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How The Continuing Storm Doctrine May Freeze Your Slip And Fall Case

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The law holds property owners responsible for ensuring their premises are safe for the general public to use. This means cleaning up snow, ice, and other potentially dangerous debris that may be on the ground after a storm. If the person fails to maintain a safe condition and someone slips and falls, then the property owner could be held liable for the victim's injuries and damages. However, the continuing storm doctrine is one viable defense that's proven effective at absolving property owners of liability in certain situations. Here's more information about this defense and what can be done to overcome it in a personal injury case.

What Is the Continuing Storm Doctrine?

Also called "Storm in Progress" or "Ongoing Storm" doctrine, the continuing storm doctrine states a property owner has a reasonable amount of time after the last snowflake or piece of hail falls from the sky to clean sidewalks and other areas of snow and ice hazards. Essentially, the owner can wait until a storm ends to do anything about accumulated storm-related hazards.

This is because many courts feel that a property owner shouldn't be forced to make ultimately fruitless efforts clearing debris during impractical times (e.g. shoveling show while it's still snowing). Anyone who is injured during the window of time allowed by the law likely would not prevail in a court case unless the hazard was particularly egregious or unrelated to the storm (e.g. a crack in the sidewalk).

An example of this doctrine in action involves a woman who slipped and fell while exiting a mall due to ice on the ground. The woman felt that because the owner of the mall had put down pellets on some of the sidewalk to provide traction and get rid of some of the ice, the person had a duty to do the entire area.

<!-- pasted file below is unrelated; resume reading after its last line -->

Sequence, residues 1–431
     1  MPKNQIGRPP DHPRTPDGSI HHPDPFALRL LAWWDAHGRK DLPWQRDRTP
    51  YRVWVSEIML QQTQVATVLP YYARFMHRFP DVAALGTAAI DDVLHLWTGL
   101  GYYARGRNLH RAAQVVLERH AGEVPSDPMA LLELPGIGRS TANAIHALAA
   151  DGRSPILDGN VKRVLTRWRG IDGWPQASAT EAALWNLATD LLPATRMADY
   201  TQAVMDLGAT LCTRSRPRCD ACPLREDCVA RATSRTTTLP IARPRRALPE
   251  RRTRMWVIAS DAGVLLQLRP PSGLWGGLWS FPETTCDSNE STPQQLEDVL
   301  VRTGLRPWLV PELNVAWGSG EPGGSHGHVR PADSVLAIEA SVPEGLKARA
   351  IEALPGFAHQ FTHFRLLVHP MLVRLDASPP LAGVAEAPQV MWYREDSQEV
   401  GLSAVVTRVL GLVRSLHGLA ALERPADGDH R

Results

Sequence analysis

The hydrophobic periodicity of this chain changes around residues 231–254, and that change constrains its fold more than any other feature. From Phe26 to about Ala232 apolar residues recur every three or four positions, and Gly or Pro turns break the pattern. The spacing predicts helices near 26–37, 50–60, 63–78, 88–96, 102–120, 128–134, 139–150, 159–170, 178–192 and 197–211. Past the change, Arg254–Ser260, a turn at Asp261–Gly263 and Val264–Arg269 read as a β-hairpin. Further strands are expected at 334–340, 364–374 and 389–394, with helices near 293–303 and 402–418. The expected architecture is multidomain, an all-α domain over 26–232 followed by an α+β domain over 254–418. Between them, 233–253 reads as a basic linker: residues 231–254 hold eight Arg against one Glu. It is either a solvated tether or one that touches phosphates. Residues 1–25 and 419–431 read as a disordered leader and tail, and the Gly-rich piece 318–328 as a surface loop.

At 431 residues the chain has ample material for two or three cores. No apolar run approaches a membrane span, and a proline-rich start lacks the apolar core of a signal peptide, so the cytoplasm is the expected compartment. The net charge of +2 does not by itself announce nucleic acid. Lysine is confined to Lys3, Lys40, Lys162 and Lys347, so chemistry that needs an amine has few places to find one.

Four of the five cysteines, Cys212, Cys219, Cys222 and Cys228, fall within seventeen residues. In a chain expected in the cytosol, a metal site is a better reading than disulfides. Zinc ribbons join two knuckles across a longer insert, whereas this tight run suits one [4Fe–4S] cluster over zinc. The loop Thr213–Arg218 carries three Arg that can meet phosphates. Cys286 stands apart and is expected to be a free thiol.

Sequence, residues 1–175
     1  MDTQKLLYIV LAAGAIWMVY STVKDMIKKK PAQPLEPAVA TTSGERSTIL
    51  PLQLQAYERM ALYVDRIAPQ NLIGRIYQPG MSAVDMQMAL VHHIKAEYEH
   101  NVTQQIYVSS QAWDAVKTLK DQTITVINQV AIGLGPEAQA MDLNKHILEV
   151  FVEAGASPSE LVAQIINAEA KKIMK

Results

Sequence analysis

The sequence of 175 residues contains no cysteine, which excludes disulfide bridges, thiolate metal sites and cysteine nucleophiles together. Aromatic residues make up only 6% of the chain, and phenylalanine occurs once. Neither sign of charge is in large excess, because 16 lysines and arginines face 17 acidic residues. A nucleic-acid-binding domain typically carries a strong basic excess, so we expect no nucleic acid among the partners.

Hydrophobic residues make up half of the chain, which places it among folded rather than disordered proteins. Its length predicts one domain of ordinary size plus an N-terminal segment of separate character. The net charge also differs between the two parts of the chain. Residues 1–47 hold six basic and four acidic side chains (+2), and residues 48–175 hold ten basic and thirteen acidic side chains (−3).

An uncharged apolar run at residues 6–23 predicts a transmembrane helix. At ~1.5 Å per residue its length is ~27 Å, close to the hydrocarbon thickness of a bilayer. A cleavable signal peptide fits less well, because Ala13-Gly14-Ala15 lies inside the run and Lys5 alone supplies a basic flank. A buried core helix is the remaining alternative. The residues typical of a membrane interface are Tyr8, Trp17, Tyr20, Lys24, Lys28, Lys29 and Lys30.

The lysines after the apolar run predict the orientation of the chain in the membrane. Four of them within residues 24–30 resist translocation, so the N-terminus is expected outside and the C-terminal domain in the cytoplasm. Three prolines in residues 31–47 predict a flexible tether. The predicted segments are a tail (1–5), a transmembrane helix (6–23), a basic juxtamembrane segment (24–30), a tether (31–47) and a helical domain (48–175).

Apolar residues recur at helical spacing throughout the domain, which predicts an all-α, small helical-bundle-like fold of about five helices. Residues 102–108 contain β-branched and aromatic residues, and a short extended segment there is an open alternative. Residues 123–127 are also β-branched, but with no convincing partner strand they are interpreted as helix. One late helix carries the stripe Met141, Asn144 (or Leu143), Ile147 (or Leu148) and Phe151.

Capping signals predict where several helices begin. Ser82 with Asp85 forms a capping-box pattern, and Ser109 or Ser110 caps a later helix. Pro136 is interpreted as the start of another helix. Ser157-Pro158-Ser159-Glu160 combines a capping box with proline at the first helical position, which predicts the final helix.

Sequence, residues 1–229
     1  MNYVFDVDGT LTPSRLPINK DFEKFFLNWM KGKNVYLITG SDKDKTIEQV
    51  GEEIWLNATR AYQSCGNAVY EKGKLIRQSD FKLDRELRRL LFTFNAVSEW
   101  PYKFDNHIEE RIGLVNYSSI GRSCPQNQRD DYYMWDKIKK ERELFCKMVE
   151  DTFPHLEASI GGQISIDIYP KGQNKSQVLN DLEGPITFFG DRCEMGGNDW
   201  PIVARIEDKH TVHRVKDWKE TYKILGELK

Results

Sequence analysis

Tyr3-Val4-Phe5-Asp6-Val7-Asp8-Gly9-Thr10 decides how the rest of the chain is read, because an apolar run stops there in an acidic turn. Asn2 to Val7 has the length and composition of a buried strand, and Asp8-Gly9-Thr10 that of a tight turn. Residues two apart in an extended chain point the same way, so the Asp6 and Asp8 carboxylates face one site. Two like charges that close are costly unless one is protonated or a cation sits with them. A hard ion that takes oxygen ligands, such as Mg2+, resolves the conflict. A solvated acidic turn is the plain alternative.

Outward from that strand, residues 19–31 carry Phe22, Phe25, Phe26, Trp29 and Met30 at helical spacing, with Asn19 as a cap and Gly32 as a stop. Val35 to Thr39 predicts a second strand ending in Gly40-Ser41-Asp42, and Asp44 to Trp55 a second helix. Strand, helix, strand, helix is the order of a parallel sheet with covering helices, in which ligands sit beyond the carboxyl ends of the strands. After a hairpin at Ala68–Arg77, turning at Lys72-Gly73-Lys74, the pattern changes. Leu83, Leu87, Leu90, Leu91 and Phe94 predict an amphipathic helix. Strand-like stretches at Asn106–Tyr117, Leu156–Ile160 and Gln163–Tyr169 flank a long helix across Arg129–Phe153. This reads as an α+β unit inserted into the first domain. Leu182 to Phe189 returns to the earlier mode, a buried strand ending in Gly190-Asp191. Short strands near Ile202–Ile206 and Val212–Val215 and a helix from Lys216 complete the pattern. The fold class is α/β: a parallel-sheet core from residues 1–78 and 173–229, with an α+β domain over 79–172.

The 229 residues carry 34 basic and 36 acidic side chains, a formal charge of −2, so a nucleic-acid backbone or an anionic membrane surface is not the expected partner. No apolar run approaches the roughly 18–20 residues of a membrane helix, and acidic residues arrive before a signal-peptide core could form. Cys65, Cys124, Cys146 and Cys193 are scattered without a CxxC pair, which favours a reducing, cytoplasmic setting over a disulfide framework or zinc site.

Unfortunately for her, a lower court found in favor of the mall owner, stating that the ongoing storm didn't provide the owner a reasonable amount of time to clear the hazard. The woman appealed the ruling, but the Court of Appeals agreed with the lower court that the mall owner didn't have a duty to keep the premises clear of ice until after the storm had passed.

Another woman lost her case against the city of New York because a storm started at 2pm and her accident occurred at 2:15pm. Even though the woman argued the facility broke its own policy of having mats on the floors to protect people coming in and out of the building, the court ruled the continuing storm doctrine applied because it had just started snowing and the facility didn't have a reasonable amount of time to act.

Is it Possible to Defeat This Defense?

There are two possible ways to defeat this defense and get the court to hold the property owner responsible for injuries caused by the hazardous condition on his or her property. The first is to challenge whether or not the weather conditions were severe enough to constitute a storm. If the snow or hail was too light or infrequent to impede the owner's efforts to keep the area clear, then you may be able to convince a judge the doctrine doesn't apply in your particular case.

Another option is to show enough time had passed after the end of the storm for the owner to take steps to clear the hazard. This may be done by getting a weather report detailing when the storm ended and arguing that by the time your accident occurred, the owner had plenty of opportunity to clear out snow, ice, and other debris and failed to do so.

If you slipped and fell during a storm because someone failed to properly maintain his or her property, contact a personal injury attorney for assistance with litigating your case.